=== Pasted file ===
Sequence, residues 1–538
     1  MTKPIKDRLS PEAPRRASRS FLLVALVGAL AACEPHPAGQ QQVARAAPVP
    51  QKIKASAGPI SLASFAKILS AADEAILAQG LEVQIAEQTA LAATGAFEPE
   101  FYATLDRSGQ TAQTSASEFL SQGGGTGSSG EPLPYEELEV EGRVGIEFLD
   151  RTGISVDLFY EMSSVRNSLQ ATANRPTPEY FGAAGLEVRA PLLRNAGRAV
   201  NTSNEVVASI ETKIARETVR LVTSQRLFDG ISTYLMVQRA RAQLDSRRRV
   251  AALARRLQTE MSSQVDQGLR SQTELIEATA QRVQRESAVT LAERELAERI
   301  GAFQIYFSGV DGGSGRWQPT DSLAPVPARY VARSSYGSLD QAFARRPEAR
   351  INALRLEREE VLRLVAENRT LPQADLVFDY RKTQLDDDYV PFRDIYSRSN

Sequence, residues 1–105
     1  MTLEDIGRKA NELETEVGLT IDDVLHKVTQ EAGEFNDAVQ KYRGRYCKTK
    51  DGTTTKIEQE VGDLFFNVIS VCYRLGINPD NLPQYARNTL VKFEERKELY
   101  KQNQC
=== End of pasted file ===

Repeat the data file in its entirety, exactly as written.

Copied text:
Sequence, residues 1–538
     1  MTKPIKDRLS PEAPRRASRS FLLVALVGAL AACEPHPAGQ QQVARAAPVP
    51  QKIKASAGPI SLASFAKILS AADEAILAQG LEVQIAEQTA LAATGAFEPE
   101  FYATLDRSGQ TAQTSASEFL SQGGGTGSSG EPLPYEELEV EGRVGIEFLD
   151  RTGISVDLFY EMSSVRNSLQ ATANRPTPEY FGAAGLEVRA PLLRNAGRAV
   201  NTSNEVVASI ETKIARETVR LVTSQRLFDG ISTYLMVQRA RAQLDSRRRV
   251  AALARRLQTE MSSQVDQGLR SQTELIEATA QRVQRESAVT LAERELAERI
   301  GAFQIYFSGV DGGSGRWQPT DSLAPVPARY VARSSYGSLD QAFARRPEAR
   351  INALRLEREE VLRLVAENRT LPQADLVFDY RKTQLDDDYV PFRDIYSRSN

Sequence, residues 1–105
     1  MTLEDIGRKA NELETEVGLT IDDVLHKVTQ EAGEFNDAVQ KYRGRYCKTK
    51  DGTTTKIEQE VGDLFFNVIS VCYRLGINPD NLPQYARNTL VKFEERKELY
   101  KQNQC